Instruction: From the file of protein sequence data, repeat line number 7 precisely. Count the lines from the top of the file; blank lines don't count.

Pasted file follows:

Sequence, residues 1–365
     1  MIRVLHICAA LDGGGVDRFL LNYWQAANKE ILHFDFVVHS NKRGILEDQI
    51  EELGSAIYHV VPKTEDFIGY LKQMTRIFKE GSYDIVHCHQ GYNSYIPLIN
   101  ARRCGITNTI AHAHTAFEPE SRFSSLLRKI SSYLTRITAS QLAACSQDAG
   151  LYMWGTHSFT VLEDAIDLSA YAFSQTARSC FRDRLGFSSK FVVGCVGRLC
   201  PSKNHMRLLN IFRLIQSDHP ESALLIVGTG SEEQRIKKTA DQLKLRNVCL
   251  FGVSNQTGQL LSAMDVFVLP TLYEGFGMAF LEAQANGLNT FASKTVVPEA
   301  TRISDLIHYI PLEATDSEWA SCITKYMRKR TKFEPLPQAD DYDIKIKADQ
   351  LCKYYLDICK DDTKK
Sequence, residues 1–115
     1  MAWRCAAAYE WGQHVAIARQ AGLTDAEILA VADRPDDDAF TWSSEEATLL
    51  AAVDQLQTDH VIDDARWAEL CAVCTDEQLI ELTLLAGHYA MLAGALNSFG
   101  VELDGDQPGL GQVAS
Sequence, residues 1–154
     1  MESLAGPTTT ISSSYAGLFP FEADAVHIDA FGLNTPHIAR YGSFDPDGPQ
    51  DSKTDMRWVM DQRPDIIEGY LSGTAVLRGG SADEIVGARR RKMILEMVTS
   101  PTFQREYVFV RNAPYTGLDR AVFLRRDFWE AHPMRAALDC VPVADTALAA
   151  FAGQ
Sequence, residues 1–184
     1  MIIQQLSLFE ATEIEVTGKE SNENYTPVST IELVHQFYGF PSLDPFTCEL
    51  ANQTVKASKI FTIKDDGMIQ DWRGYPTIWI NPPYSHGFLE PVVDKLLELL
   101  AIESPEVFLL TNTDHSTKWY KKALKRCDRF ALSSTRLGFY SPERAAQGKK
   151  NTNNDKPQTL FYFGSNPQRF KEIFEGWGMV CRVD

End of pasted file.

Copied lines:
   251  FGVSNQTGQL LSAMDVFVLP TLYEGFGMAF LEAQANGLNT FASKTVVPEA